Best Ball Projector

Since the whole point of best ball league is to be able to draft without having to think about your team ever again, a best-ball projector is a bit of an oxymoron. However, I wanted to include it for a few reasons.
Most importantly, it's a great opportunity to learn some intermediate Python and Pandas concepts we don't cover in the other projects.
And it might be useful. Maybe you're in a best ball league that's coming down to the wire, or maybe you're in the offseason and want to study impacts of substituting between positions at the margin, a 3rd QB vs a 7th WR, say.
It also shows off the power of these simulations. Projecting an accurate range of best ball scores is easy using these correlated simulations, and almost impossible to do accurately any other way.

Background

We start with the lineup from my one best ball team last year:
Drew Brees, Baker Mayfield, Malcolm Brown, Ezekiel Elliott, Nyheim Hines, Kareem Hunt, Marlan Mack, Devin Singletary, James White, Mike Evans, Marquise Goodwin, Mecole Hardman, Christian Kirk, Anthony Miller, DJ Moore, Curtis Samuel, George Kittle, Noah Fant, Denver D, Cincy D
Using that and the projected point simulations from the API, we'll write code that gives us (1) our projected points and (2) the probability each player is used in each spot.

Results and Analysis Outputs

One interesting thing about best ball rosters is the differences in quality of guys that are in play. For example, RB projections:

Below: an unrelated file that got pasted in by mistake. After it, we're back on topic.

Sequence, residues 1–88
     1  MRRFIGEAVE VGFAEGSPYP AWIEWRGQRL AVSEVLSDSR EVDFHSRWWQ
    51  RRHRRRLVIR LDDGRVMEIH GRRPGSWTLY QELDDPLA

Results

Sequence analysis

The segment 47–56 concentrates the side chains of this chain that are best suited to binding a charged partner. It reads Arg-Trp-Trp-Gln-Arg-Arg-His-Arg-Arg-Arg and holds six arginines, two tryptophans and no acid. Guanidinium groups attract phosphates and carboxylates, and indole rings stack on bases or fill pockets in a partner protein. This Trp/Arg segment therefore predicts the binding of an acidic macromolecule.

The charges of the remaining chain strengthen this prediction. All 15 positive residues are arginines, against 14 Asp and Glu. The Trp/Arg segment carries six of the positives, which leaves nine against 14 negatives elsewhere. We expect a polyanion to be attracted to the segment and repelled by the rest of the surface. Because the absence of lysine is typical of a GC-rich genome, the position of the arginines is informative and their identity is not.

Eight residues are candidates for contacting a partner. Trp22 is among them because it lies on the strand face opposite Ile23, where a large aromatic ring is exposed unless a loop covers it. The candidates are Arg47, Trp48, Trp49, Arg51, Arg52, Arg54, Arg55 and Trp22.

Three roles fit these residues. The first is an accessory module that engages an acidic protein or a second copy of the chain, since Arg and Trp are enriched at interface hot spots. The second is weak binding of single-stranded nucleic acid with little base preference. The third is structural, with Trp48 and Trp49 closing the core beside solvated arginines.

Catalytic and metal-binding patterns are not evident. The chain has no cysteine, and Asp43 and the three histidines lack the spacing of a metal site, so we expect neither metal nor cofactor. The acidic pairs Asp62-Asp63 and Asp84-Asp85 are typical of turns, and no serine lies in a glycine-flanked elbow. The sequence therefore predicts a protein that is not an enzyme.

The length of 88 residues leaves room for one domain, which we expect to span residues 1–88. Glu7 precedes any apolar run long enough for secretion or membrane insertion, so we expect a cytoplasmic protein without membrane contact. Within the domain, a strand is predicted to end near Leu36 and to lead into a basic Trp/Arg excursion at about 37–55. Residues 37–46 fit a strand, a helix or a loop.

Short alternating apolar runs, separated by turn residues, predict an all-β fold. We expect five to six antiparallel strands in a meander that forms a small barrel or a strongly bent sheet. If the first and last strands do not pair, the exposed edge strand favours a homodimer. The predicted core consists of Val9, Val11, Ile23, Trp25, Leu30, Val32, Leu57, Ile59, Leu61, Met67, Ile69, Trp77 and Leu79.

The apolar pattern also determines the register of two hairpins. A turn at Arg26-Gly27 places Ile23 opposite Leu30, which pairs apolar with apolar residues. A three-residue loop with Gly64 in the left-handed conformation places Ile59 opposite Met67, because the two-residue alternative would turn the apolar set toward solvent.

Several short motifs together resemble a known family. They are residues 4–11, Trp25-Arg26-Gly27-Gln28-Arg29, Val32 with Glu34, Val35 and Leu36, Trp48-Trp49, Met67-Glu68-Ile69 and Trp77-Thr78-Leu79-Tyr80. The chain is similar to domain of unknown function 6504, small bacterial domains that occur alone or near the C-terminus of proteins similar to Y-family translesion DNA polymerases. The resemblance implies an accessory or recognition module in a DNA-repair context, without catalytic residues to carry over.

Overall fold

RB Density
It's interesting that although Zeke clearly is the best, he's still ends up being RB1 only 50% of the time (see below).
We can also look everyone at once:
Team Density

Total Points

Though it'd be easy to extend our plotting work to the aggregate team level, I skipped it for now. Instead, after a bunch of Pandas work, the final numerical projection is:
mean 144.61 std 22.80 5% 108.40 25% 129.82 50% 143.93 75% 159.14 95% 183.49

Usage

The projections — while requiring simulations and some tricky coding — are admittedly not that exciting to look at.
Instead, what's more interesting is the projected lineups.
We can ask (and answer) questions like, how often will we use Zeke at RB1 vs one of the other guys? How often will Kittle be somewhere in our lineup? (Answers: 50%, 82% respectively)
We also make the table below, which sums things up nicely:
Best Ball Table